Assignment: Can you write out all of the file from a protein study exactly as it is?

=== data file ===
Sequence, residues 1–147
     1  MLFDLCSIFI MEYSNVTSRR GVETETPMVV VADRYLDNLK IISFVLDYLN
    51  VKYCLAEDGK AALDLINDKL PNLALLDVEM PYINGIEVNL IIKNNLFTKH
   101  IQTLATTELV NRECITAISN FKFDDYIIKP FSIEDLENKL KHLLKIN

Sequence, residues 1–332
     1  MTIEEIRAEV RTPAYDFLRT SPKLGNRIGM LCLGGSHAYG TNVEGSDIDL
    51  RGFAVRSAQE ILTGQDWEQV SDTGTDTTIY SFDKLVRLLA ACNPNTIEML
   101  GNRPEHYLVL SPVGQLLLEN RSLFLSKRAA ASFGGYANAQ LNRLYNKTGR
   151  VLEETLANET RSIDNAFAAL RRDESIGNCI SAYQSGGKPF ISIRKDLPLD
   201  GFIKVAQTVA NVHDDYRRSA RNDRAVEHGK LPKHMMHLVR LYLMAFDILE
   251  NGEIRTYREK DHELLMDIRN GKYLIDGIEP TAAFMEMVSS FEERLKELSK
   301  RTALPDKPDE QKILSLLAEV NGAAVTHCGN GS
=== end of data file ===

Sequence, residues 1–147
     1  MLFDLCSIFI MEYSNVTSRR GVETETPMVV VADRYLDNLK IISFVLDYLN
    51  VKYCLAEDGK AALDLINDKL PNLALLDVEM PYINGIEVNL IIKNNLFTKH
   101  IQTLATTELV NRECITAISN FKFDDYIIKP FSIEDLENKL KHLLKIN

Sequence, residues 1–332
     1  MTIEEIRAEV RTPAYDFLRT SPKLGNRIGM LCLGGSHAYG TNVEGSDIDL
    51  RGFAVRSAQE ILTGQDWEQV SDTGTDTTIY SFDKLVRLLA ACNPNTIEML
   101  GNRPEHYLVL SPVGQLLLEN RSLFLSKRAA ASFGGYANAQ LNRLYNKTGR
   151  VLEETLANET RSIDNAFAAL RRDESIGNCI SAYQSGGKPF ISIRKDLPLD
   201  GFIKVAQTVA NVHDDYRRSA RNDRAVEHGK LPKHMMHLVR LYLMAFDILE
   251  NGEIRTYREK DHELLMDIRN GKYLIDGIEP TAAFMEMVSS FEERLKELSK
   301  RTALPDKPDE QKILSLLAEV NGAAVTHCGN GS